Letter to the editor (Queens Courier):
The refusal of The New York City Economic Development Corporation (EDC) and its president, Robert Lieber, to select a developer and to make public the specific details of the Willets Point proposal, well in advance of any ULURP process, is an example of bureaucratic arrogance, indifference to the public’s interests, and suggests one should question the credibility of anything he says. (Willets Point hearing raises concerns - The Queens Courier, December 6-12). If Lieber wants to redeem any credibility, he should well in advance of any ULURP process publicly answer the following:
l. The name of the developer, and if there isn’t one now, why can’t there be a hold on the proposal until there is one?
2. Of the purported 5,000 housing units, how many will be luxury, middle class, low rent and subsidized housing?
3. Given the fact that the taxpayers of this city and state are committed to spending $1.4 billion and possibly, close to $2 billion to enlarge the Javits Convention Center, what is the purpose of a 400,000 square foot convention center in Willets Point? Moreover, while they are at it, is EDC familiar with an article that appeared in the Metro Section of The New York Times on January 18, 2005 citing a Brookings Institution report finding there exists a glut in convention space throughout the country. Included in that report was the following: “In an environment where every major center around the country is sharply reducing rental rates or giving space away and throwing in incentives, the likelihood of a (center) succeeding is remarkably dim.”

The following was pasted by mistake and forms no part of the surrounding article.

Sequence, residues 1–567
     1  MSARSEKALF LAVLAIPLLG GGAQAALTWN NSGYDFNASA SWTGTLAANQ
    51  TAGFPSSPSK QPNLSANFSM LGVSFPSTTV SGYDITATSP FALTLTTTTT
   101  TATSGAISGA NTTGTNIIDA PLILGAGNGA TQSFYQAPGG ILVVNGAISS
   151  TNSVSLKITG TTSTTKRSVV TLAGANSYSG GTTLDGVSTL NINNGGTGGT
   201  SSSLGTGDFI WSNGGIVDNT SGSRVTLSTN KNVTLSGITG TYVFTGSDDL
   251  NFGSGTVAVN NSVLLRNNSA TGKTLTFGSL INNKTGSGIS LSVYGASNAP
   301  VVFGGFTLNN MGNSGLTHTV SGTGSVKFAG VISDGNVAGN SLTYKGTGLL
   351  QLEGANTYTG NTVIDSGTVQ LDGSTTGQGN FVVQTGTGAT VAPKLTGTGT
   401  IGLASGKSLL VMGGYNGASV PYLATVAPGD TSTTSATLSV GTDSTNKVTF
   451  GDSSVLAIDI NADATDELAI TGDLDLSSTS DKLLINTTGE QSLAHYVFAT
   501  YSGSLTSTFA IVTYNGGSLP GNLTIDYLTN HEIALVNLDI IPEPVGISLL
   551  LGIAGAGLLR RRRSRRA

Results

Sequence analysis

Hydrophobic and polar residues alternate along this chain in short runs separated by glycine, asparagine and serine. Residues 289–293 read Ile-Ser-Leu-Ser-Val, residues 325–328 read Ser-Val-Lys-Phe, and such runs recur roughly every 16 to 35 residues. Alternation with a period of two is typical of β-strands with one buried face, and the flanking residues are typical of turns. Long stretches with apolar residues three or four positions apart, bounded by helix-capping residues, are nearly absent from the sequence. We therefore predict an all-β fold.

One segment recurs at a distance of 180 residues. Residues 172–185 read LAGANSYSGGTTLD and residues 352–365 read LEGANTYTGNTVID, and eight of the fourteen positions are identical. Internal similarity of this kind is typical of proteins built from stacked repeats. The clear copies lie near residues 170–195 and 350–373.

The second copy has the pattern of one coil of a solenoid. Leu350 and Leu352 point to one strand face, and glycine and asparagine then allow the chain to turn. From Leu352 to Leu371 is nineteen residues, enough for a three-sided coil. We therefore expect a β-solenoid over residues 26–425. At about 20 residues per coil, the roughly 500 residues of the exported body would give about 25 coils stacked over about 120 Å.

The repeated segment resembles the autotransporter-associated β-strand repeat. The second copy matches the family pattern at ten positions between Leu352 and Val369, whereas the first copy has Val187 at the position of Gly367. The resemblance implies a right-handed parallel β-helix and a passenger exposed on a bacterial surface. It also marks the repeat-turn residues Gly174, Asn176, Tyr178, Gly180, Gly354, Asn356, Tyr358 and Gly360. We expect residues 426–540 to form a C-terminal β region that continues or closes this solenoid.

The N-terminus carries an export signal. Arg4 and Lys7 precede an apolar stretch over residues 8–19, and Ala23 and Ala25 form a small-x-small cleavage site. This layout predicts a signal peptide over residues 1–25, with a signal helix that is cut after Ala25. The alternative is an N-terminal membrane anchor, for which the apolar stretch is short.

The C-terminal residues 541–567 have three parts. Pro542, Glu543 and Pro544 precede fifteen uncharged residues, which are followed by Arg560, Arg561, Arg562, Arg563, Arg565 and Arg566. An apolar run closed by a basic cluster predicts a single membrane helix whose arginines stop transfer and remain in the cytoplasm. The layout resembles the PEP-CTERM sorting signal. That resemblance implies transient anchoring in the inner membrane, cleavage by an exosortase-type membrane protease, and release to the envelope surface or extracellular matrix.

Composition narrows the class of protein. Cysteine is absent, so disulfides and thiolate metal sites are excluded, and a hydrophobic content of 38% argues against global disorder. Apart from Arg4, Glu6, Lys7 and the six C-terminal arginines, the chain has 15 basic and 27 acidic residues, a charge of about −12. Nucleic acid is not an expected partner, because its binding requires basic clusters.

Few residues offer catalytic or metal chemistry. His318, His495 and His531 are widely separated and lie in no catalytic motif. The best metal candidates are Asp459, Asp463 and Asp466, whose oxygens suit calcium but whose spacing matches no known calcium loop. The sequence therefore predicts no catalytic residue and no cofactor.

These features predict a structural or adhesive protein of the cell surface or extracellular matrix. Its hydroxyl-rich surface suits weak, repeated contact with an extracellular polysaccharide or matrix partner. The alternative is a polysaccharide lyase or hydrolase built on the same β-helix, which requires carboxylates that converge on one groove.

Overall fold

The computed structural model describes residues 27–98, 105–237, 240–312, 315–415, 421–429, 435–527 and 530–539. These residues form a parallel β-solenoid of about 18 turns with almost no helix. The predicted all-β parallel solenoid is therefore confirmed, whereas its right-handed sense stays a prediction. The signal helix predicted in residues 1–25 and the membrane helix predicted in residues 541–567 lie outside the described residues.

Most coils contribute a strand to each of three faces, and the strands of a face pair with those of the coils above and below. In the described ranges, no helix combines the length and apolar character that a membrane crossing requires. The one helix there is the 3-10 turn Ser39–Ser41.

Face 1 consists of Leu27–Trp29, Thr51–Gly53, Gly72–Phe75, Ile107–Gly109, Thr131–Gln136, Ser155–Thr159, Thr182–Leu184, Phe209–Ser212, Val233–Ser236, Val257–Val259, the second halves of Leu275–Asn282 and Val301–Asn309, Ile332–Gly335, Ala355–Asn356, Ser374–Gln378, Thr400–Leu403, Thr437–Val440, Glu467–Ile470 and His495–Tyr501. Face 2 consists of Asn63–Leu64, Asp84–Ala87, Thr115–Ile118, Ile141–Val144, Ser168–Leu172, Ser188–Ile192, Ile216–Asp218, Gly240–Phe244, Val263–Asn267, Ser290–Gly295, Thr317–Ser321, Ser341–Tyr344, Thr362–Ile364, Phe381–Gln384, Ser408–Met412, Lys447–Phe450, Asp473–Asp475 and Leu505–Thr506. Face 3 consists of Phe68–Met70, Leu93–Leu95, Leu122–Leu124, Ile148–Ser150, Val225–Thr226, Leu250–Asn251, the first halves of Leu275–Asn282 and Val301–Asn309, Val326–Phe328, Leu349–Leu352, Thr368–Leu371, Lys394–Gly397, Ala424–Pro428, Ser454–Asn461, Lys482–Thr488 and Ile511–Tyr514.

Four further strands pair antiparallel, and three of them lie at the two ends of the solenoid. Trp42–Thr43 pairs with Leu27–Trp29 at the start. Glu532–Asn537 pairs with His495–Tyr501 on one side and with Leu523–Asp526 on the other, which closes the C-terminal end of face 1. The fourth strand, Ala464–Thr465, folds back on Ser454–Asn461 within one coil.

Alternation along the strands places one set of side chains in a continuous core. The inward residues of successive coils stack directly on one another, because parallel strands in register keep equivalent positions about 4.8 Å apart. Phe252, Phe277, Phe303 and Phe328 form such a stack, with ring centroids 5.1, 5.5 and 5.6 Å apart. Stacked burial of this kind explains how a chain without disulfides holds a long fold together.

If I were to describe a convention center in Willets Point as being a foolish idea, I could be accused of being too generous.
4. In the Flushing and LaGuardia Airport area, there exist many hotels. What is the point of a 700-room hotel?
5. How much money directly and indirectly will the taxpayers of this city and state contribute to the overall cost of the proposed development and include in that figure inflation and cost over runs?
6. Given the fact there are about 225 businesses in the area with about 1,300 workers currently employed, making it an economically viable area, what is the legal basis of threat to utilize eminent domain?
7. Why would upscale retail shops serve any greater public need and interest than the businesses currently there?
8. Since the proposal would require the city to install streets and sewers, something they should have done years ago, why can’t that be done and the current businesses remain?
9. Are we dealing with a legitimate public need, or is this a public rip off on a grand scale?
Benjamin M. Haber